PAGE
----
When it comes to helping people, dogs get all the glory. It’s not hard to find awwww-inspiring photos of dogs helping vision-impaired people across the street, warning owners of an upcoming seizure or dutifully carrying the newspaper to the disabled.
But what about therapy cats? Do cats just lack the altruism gene? Did their reputation for being aloof inspire the saying, “Everyone needs a dog to adore him and a cat to ignore him”? Many cats, as it turns out, do help people — just on their own terms.
Therapy Cats vs. Service Animals
A service animal, as defined by the American Disabilities Act, is a dog or miniature horse trained to perform specific tasks for people with disabilities. Although many cats can be trained, they generally aren’t, as yet, considered service animals.
Still, cats have a lot to offer. A purring cat can reduce stress, lower blood pressure and trigger the release of oxytocin, the feel-good “cuddle hormone.” Children raised with cats may be less likely to develop allergies. By providing companionship and nonjudgmental affection, cats can also help relieve depression and loneliness.
That’s why, more and more, cats are being used as therapy animals. Unlike service animals, which tend to live with the patient, therapy animals generally stop by for a visit, whether it’s at a nursing home, prison or physical therapy facility.
Animal-Assisted Therapy vs. Animal-Assisted Activities
Therapy cats tend to fall into two categories. The first is used for animal-assisted therapy (AAT). In these cases, a health or human services professional creates a goal-oriented plan to meet specific physical, emotional, cognitive or social needs of a patient.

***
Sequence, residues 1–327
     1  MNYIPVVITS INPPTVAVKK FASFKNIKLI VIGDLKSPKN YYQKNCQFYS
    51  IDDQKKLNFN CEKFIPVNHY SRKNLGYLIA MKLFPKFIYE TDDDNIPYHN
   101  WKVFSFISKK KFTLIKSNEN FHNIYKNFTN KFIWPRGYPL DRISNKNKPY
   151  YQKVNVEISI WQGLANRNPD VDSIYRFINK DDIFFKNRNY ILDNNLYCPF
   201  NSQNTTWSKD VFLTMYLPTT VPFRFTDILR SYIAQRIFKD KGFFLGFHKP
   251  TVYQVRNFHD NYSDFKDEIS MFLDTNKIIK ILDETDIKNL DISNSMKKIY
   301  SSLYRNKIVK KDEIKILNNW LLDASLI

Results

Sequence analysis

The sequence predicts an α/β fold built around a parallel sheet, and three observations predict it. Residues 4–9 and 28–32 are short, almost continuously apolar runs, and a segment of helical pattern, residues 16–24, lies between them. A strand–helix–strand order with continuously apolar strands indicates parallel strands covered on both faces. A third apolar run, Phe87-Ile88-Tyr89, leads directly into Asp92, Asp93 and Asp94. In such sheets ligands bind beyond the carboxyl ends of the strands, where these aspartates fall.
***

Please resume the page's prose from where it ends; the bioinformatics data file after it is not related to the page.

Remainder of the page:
In a physical therapy setting, for example, handling a cat may help a patient regain motor skills following a hand surgery. A therapist may choose to include a cat in a therapy session to help, for example, extend the attention span of a child with autism spectrum disorder.
The second CATegory of feline-aided therapy is called animal-assisted activity (AAA). In these cases, the aim is generally to improve the patient’s quality of life. Often, the handler is the cat’s owner who has been through training and has had the cat certified. The handler may bring the cat to places like rehabilitation facilities, schools and nursing homes.
In patients with dementia and Alzheimer’s, for instance, cats have been shown to reduce stress and anxiety, soothe agitation and decrease feelings of isolation. When real cats aren’t available, long-term care facilities have even taken to using battery-operated cats. Petting the soft fur may calm patients, and built-in sensors respond to touches by triggering the robotic cat to purr, close its eyes or roll over on its back.
The Making of a Therapy Cat
Organizations like Pet Partners help screen cats and train volunteers to become therapy teams. Typically, they look for cats with calm, laid-back temperaments who are gentle and tolerant of being handled by different people in various environments. Retired show cats, for example, tend to make good therapy cats because they’re used to frequent handling and noisy surroundings.
Cats should usually be at least one year old, current on vaccines and considered healthy, based on a veterinary exam. Once the cat is certified and the owner has been trained, the team may make supervised visits before they are free to make visits on their own.
Think your cat has what it takes to be a therapy cat? Check out Pet Partners or look for feline therapy organizations near you.